[This DrP piece was first published on Medium’s Detox Your Heart]
That morning I shook in my friends’ house after he dragged me out of bed and stole my things, they told me “We must call the police”. I told them “Don’t. He’s a good man”.
That night he forced me to do MDMA and wouldn’t let go of me because I’d gone to the toilet, and I told someone the truth of the abuse for the first time. But I said, “He’s a good man”.
That day I texted my best friend about the time he pointed a knife at me because I wanted to go to bed. She was horrified. I said, “He was drunk. He’s a good man”.
I know how badly you want to believe your man is a good man.
I know how desperately you refuse to label his actions as ‘abuse’, much less call him an ‘abuser’.
And yes, I remember my lecturer teaching my 20-year old self all about the cycle of abuse. And yet I couldn’t figure out I was being abused.
I thought I needed to be bruised and battered to be considered ‘an abused woman’. Or for anyone to take me seriously. Much less, for me to take myself seriously.
More importantly, I saw him as a good man.
Good men don’t abuse people.
Good men have reasons for doing what they do.
Sure, good men slip up. They do stupid stuff. Who doesn’t?
Good men in bad company do even more stupid stuff. Who doesn’t?
Good men — when intoxicated — do extremely stupid stuff. Which they apologise for. Which makes him good, right? Remorse means he is good, right?
Hey, cerebral cortex, make sense of things
Do you know who the most brilliant Photoshopper is? Not the geniuses behind every Victoria’s Secret, Harper’s Bazaar or Vogue shoot. It’s your brain.
Cognitive Photoshop: When we rewrite events to make sense of them.
Sometimes we draw meaning, close the lid, and write our next chapter unencumbered. (Sidenote: That actually involves a lot more than your brain.)
But more often than not, Cognitive Photoshop digs a deep hole to bury you alive within.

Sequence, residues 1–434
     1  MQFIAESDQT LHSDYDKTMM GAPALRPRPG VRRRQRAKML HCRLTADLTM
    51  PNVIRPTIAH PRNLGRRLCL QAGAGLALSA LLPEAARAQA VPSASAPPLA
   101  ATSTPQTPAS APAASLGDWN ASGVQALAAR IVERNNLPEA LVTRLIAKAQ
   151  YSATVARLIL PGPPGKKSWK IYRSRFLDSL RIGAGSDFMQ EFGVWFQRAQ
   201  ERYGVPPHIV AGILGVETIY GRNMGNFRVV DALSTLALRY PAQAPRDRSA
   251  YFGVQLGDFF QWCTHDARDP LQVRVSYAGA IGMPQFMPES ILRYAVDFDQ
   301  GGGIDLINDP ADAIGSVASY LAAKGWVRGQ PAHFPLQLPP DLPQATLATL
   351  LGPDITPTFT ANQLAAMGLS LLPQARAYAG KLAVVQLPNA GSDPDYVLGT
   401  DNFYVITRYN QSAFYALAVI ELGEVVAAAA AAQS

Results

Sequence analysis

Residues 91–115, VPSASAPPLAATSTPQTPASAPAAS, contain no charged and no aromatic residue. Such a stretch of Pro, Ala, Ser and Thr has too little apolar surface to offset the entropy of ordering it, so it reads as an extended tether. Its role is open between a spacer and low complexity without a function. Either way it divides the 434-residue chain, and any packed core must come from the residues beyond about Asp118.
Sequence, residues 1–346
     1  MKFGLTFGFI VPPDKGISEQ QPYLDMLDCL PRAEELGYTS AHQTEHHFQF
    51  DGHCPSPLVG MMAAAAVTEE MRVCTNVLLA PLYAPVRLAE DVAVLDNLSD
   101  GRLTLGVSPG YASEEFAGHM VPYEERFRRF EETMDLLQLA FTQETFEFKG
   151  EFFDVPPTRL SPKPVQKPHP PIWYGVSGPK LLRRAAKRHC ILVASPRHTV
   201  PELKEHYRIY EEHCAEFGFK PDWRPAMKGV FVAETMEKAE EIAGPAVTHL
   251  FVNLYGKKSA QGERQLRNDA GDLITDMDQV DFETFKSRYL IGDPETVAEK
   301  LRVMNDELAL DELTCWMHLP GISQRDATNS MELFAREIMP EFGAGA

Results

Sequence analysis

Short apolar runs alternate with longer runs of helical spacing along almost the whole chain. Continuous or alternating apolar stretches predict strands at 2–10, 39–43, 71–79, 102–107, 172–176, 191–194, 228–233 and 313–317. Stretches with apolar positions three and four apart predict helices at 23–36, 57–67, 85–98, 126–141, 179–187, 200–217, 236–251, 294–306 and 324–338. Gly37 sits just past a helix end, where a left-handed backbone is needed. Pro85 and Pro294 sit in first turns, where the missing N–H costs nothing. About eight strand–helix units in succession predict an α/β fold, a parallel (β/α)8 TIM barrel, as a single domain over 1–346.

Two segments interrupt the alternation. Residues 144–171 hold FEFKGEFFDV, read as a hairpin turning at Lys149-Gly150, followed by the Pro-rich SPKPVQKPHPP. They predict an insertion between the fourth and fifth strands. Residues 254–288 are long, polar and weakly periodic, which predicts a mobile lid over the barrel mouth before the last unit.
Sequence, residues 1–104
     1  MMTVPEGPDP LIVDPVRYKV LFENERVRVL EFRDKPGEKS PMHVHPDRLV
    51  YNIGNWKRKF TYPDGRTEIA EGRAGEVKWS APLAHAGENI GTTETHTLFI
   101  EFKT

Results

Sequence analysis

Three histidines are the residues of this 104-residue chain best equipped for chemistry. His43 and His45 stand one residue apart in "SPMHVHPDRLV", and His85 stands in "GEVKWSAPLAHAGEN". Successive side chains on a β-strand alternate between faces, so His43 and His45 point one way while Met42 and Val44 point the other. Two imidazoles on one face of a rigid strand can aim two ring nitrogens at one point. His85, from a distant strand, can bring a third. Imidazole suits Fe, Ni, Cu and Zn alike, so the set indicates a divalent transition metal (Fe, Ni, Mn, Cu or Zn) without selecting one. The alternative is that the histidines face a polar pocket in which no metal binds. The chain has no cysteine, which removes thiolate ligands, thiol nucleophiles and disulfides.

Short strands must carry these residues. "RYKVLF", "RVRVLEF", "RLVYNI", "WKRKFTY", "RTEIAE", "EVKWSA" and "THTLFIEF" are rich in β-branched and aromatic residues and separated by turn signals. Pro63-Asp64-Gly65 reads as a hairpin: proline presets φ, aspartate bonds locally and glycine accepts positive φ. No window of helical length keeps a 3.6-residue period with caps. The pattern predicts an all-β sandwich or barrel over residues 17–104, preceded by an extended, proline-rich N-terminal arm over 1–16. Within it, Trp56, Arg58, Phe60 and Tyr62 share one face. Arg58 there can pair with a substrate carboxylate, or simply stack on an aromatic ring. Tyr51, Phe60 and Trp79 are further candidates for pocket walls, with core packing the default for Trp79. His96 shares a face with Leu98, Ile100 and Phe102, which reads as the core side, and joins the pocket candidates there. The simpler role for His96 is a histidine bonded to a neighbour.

Your brain can justify anything.
It’ll tell you to look for all the times he’s been good to you — but over time, your standards have lowered so much even bad treatment looks good.
It’ll threaten you “How dare you, ungrateful bitch?” if you dare to think of the times he hurt you. So you bury your feelings away.
It’ll preach “Hurt people hurt people”, as you seek to understand his story of why he does the things he does. You douse yourself further with shame and guilt, and the flames of his abuse cause you to immolate like a witch burned at the stake.
He’ll blow smoke and erect mirrors to confuse you. He’s a master of mindgames. He’s been doing it his whole life.
“You’re too sensitive”.
“I’m only trying to help”.
He told me,
“It blows away the next day when I wake up. It’s a slip-up. And you’re still holding on to it. You’re so unforgiving. I don’t know who you are anymore”.
Even though what happened was you were sleeping, he got high, and he hurt you. You tried to keep yourself safe and go back to sleep. And the next day you tell him never to do that to you again (Yes you did stand up for yourself). Then he gets drunk that evening, repeats his behaviour, and blames you for getting him drunk.
Eventually your brain believes, it’s all your fault.
What can you do to get the amazing man back?
That wonderful whirlwind of how it began — that he reminds you of.
Because you’ve tasted it before, you know it’s possible.
And you know you’re not asking for the moon. If it’s gone away, and he’s blaming you, it has to be something you’re doing.
You are the bad one.
He is the good one.
I get you. Who wants to see the man you love — the man whom you once upon a time believed loved you with all his heart — as a bad man?
He is a good man.
“But we can be the fairytale”
Hey Sister, you and I know that abuse exists.
That’s probably why you’re reading this.
Even if your brain has justified it all away, so even though all his behaviours check the boxes of an abuser, a psychopath or a narcissist, you think it is different in our case.
“I believe in him, in us. We can be the fairytale. The exception to the rule. The miracle”.
Because he’s a good man.
I walked in your shoes once.
I believed that once, like every woman who’s been abused.
The economics of abuse
We talk about the vicious cycle of abuse. Honeymoon — abuse — discard. Or the various cuts and colours this is dressed in.
But it feels abstract and intellectual.
So let’s make it into something you and I can understand and feel.
Exchange. Transactions. Currencies. Money.
Yes, think of abuse in terms of money.
Imagine you spent $50 on dinner for you both last week. This week, he spent $45. The same currency.
But by some twisted logic of his, his $45 eclipses your $50.
Your 50 has become Indonesian Rupiah.
His 45 has become British Pounds.
This isn’t just about dinner; it’s about everything you both do — from taking out the trash to having sex to doing the dishes.